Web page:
(This article belongs to the Special Issue Cyanotoxins)
Open AccessArticle Reduction of Streptolysin O (SLO) Pore-Forming Activity Enhances Inflammasome Activation
Toxins 2013, 5(6), 1105-1118; doi:10.3390/toxins5061105
Received: 1 March 2013 / Revised: 29 May 2013 / Accepted: 3 June 2013 / Published: 6 June 2013
Cited by 7 | PDF Full-text (894 KB) | HTML Full-text | XML Full-text
Abstract
Pore-forming toxins are utilized by bacterial and mammalian cells to exert pathogenic effects and induce cell lysis. In addition to rapid plasma membrane repair, macrophages respond to pore-forming toxins through activation of the NLRP3 inflammasome, leading to IL-1β secretion and pyroptosis. The [...] Read more.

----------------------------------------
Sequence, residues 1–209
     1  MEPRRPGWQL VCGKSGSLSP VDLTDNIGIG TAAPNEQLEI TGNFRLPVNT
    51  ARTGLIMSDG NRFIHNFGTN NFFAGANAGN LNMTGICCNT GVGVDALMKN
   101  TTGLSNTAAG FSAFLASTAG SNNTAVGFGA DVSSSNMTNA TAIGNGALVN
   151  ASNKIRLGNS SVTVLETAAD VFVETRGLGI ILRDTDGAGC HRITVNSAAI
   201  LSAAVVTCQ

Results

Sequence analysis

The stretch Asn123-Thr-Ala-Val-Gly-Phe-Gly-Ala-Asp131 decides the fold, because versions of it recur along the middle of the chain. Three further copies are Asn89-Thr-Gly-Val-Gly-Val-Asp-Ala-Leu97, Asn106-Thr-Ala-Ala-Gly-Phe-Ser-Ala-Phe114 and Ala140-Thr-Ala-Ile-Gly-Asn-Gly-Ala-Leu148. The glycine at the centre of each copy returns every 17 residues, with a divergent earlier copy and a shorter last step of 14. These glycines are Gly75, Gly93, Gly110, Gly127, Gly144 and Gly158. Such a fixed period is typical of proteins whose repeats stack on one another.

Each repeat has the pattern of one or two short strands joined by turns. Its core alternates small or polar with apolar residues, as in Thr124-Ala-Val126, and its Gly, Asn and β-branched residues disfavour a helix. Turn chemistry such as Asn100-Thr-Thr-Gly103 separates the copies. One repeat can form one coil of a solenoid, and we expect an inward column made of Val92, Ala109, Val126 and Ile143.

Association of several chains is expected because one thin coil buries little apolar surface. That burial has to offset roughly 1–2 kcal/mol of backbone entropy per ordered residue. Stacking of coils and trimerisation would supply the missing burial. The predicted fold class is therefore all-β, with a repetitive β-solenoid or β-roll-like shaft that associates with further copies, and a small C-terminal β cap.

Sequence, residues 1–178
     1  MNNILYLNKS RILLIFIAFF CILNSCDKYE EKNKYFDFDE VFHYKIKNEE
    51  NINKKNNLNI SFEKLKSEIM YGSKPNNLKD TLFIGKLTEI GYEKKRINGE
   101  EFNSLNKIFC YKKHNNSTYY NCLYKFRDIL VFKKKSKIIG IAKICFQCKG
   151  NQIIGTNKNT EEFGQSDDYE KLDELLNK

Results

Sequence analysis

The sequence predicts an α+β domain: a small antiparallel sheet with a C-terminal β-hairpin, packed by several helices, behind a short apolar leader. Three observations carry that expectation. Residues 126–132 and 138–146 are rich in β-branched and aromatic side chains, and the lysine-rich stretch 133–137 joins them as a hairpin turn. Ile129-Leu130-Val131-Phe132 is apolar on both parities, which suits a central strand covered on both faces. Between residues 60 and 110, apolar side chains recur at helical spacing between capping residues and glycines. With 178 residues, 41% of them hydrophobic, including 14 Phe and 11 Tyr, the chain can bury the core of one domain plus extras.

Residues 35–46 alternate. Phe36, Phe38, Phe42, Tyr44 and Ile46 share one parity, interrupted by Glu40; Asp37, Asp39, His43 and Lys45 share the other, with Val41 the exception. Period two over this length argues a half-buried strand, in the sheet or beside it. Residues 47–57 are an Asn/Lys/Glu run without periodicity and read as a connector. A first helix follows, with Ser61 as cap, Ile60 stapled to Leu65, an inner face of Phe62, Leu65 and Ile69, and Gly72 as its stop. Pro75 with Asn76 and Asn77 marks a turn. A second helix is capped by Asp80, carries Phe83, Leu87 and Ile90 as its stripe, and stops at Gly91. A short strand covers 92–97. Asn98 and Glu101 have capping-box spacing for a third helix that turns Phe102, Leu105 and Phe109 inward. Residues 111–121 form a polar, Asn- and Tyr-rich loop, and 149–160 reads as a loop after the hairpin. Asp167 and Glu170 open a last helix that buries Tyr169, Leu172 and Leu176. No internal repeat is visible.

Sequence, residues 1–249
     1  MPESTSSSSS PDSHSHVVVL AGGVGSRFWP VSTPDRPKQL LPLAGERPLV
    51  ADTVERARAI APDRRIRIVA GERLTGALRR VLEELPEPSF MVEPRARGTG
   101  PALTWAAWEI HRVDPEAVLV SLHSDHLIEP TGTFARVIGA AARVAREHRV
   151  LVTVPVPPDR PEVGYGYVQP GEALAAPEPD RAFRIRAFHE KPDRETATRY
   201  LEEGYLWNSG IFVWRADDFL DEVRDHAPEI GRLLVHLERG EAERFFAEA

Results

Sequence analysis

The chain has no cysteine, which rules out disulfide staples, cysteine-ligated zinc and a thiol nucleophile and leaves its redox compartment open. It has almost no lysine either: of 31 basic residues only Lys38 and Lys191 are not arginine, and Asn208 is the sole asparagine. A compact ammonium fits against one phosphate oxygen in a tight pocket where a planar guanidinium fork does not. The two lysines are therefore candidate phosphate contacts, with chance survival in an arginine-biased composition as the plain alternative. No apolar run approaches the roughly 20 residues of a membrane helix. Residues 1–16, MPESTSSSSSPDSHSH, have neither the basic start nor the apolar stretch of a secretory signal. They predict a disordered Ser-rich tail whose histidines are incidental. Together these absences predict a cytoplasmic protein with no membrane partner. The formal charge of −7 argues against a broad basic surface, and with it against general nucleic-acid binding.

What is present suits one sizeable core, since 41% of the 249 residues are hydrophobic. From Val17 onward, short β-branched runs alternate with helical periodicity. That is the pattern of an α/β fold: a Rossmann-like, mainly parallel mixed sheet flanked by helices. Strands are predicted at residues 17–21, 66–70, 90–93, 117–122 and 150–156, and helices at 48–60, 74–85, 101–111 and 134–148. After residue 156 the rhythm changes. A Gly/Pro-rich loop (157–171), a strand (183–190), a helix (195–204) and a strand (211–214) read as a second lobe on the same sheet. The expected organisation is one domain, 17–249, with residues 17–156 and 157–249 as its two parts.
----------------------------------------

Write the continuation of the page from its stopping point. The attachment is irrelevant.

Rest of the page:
Pore-forming toxins are utilized by bacterial and mammalian cells to exert pathogenic effects and induce cell lysis. In addition to rapid plasma membrane repair, macrophages respond to pore-forming toxins through activation of the NLRP3 inflammasome, leading to IL-1β secretion and pyroptosis. The structural determinants of pore-forming toxins required for NLRP3 activation remain unknown. Here, we demonstrate using streptolysin O (SLO) that pore-formation controls IL-1β secretion and direct toxicity. An SLO mutant incapable of pore-formation did not promote direct killing, pyroptosis or IL-1β production. This indicated that pore formation is necessary for inflammasome activation. However, a partially active mutant (SLO N402C) that was less toxic to macrophages than wild-type SLO, even at concentrations that directly lysed an equivalent number of red blood cells, enhanced IL-1β production but did not alter pyroptosis. This suggests that direct lysis may attenuate immune responses by preventing macrophages from successfully repairing their plasma membrane and elaborating more robust cytokine production. We suggest that mutagenesis of pore-forming toxins represents a strategy to enhance adjuvant activity. Full article